Tarrant revealed he had been planning an attack for up to two years, noting he decided on Christchurch three months ago.

He said New Zealand was not the ‘original choice for attack’, but described it as ‘target rich of an environment as anywhere else in the West’.

‘An attack in New Zealand would bring to attention the truth of the assault on our civilization, that no where (sic) in the world was safe, the invaders were in all of our lands, even in the remotest areas of the world and that there was no where (sic) left to go that was safe and free from mass immigration.’

Claiming to represent ‘millions of European and other ethno-nationalist peoples’, he said ‘we must ensure the existence of our people, and a future for white children’.

The gunman described the attack as an act of ‘revenge on the invaders for the hundreds of thousands of death caused by foreign invaders in European lands throughout history … for the enslavement of millions of Europeans taken from their lands by the Islamic slavers … (and) for the thousands of European lives lost to terror attacks throughout European lands.’

Ebba Akerlund
Pictured, Ebba Akerlund whom Brenton Tarrant sought to avenge for her shooting death.

Brenton Tarrant manifesto: Inspired by recent terror attacks.

He also said it was to take revenge for Ebba Akerlund, the 11-year-old child who was killed in a 2017 terror attack in Stockholm.

In his manifesto, Tarrant described the Stockholm attack as the ‘first event’ that inspired him to commit the attack, particularly the death of the 11-year-old girl.

‘Ebba (sic) death at the hands of the invaders, the indignity of her violent demise and my inability to stop it broke through my own jaded cynicism like a sledgehammer. I could no longer ignore the attacks.’

He said the attack was also inspired by a trip he took to France in 2017.

‘For many years I had been hearing and reading of the invasion of France by non-whites, many of these rumors and stories I believed to be exaggerations, created to push a political narrative.’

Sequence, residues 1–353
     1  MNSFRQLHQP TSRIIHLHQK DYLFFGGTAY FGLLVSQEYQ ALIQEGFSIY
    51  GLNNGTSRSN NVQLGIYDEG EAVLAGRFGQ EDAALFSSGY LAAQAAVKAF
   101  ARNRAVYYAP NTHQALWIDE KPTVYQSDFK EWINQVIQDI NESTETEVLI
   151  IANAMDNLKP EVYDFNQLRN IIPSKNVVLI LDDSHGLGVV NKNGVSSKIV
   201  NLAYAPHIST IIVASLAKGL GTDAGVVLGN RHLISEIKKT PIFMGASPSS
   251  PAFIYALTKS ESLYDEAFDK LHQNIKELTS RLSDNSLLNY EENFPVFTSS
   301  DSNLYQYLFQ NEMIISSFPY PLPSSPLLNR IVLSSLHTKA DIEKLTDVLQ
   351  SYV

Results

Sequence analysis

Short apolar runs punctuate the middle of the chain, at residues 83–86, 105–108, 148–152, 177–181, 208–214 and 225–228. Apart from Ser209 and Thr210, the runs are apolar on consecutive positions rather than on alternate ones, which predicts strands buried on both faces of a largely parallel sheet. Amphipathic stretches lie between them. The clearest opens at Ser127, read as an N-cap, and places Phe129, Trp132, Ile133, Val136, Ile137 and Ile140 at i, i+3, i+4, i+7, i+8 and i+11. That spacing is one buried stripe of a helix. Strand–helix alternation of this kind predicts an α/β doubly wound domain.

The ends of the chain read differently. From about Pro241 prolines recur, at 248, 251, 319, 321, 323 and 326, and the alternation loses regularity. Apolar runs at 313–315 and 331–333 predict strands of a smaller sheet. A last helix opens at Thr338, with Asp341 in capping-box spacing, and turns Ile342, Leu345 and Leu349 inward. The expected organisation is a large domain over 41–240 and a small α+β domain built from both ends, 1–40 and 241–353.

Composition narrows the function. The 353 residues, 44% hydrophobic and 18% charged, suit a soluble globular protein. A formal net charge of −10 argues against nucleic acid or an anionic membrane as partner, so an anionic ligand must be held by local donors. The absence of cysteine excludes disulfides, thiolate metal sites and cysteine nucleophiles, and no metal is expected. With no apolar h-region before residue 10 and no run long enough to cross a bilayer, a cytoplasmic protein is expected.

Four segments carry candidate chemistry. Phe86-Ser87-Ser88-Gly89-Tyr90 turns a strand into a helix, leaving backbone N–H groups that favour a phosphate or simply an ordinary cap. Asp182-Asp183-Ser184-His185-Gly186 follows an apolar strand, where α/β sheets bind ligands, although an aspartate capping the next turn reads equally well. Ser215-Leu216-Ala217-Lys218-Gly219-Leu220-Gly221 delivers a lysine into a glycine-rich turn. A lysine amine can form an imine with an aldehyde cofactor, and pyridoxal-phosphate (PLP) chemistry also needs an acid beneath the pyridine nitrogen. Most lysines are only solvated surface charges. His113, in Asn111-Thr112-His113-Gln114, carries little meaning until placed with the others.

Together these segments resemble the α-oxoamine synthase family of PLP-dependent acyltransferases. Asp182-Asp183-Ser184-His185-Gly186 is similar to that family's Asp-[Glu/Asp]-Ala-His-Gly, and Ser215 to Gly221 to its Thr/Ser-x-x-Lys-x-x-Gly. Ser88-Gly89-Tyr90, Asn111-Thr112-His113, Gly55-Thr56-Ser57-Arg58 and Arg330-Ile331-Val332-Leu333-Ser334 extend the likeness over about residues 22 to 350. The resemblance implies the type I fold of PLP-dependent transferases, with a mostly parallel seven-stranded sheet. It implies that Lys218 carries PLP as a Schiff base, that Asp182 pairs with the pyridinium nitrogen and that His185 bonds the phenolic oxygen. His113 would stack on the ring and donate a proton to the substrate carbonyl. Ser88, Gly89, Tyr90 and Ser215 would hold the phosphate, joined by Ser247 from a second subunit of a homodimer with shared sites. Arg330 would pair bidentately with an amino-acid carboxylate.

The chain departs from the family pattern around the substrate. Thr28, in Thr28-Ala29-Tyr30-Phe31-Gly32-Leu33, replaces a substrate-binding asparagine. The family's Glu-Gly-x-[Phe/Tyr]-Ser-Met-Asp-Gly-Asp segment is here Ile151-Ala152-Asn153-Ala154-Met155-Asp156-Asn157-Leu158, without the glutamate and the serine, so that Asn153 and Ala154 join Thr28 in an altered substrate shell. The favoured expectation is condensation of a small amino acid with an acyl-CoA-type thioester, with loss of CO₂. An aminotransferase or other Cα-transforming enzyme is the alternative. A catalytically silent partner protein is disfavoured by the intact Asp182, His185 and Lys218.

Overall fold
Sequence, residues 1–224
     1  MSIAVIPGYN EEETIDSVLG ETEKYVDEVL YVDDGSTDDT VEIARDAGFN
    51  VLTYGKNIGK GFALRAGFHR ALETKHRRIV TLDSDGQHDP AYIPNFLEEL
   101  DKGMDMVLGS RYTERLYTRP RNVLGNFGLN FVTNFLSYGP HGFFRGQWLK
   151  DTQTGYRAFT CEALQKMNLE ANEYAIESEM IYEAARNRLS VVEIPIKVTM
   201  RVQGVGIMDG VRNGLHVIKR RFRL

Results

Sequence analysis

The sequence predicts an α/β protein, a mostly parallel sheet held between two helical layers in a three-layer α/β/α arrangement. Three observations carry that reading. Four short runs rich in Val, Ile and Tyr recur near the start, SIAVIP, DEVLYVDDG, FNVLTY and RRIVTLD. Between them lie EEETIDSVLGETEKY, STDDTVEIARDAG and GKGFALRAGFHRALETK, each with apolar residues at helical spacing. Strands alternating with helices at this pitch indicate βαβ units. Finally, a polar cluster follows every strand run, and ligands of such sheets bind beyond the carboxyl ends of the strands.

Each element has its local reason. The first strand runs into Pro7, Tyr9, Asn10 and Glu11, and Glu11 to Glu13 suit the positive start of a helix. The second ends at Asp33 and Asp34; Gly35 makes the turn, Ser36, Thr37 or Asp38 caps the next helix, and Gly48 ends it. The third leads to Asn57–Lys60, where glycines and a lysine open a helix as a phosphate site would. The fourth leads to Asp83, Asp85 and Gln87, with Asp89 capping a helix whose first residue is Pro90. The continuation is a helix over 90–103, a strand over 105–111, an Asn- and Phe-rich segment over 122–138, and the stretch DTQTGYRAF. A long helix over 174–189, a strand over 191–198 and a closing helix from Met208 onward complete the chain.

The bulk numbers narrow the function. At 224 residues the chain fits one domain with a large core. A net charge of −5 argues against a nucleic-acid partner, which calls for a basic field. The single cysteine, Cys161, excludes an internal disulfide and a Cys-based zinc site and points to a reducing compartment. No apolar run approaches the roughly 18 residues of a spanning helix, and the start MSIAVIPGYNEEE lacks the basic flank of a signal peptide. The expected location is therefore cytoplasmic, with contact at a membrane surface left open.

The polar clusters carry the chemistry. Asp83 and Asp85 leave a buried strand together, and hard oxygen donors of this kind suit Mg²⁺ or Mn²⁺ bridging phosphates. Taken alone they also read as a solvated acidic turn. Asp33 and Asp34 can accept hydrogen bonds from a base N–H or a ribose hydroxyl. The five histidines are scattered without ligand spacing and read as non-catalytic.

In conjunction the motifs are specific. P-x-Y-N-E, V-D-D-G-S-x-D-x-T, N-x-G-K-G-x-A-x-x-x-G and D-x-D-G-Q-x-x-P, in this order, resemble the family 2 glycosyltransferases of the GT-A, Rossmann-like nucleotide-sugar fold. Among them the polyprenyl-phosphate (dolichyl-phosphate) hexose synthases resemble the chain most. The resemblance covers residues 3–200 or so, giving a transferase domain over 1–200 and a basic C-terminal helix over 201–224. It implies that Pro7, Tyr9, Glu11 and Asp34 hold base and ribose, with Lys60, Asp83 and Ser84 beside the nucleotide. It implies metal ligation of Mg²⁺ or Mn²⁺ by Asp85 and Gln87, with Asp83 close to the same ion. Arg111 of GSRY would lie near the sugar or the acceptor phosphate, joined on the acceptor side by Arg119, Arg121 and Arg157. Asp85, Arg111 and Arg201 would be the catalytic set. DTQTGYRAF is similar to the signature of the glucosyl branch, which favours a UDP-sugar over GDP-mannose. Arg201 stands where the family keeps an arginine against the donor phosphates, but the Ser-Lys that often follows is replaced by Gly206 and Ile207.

‘But once I arrived in France, I found the stories not only be true, but profoundly understated. In every French city, in every French town the invaders were there.’

In his manifesto, Tarrant described his childhood as ‘regular’ and ‘without any great issues’, noting he had little interest in his education and ‘barely achieved a passing grade’ at school. He said he earned money investing in Bitconnect, an open-source cryptocurrency.

Tarrant said he feels no remorse for the attack. ‘I only wish I could have killed more invaders, and more traitors as well.’ He also said there ‘was a racial component to the attack’ and described it as ‘anti-immigration’ and ‘an attack in the name of diversity’.

He also said he will plead not guilty if he survives and goes to trial.

Posting on an 8chan forum, a user who identified himself as Tarrant announced he would carry out the attack.

‘I will carry out and attack against the invaders, and will even live stream the attack via facebook,’ he wrote, with a link to his Facebook page. ‘If I don’t survive the attack, goodbye, godbless and I will see you all in Valhalla!’

Many anonymous users responded praising him for the attack, with comments like ‘Godspeed’ and ‘that video is so goddamn good’.

In the days leading up to the attack, Tarrant posted photos to his now-suspended Twitter account of what appears to be guns, ammunition and a military-style vest.

The weaponry is scrawled with references to ancient battles and more recent attacks against Muslims.

The writing also cites military leaders and refers to ancient battles such as the 1189 Siege of Acre and Ottoman Empire battles including the 1863 battle of Vienna and the 1877 battle of Shipka Pass.

The writing names Feliks Kazimierz Potocki, Polish noble and military leader in the late 1600s, Charles Martel, a French military leader from the 700s.

Tarrant also frequently posted links to articles about extremism in Europe, multiculturalism and previous terror attacks.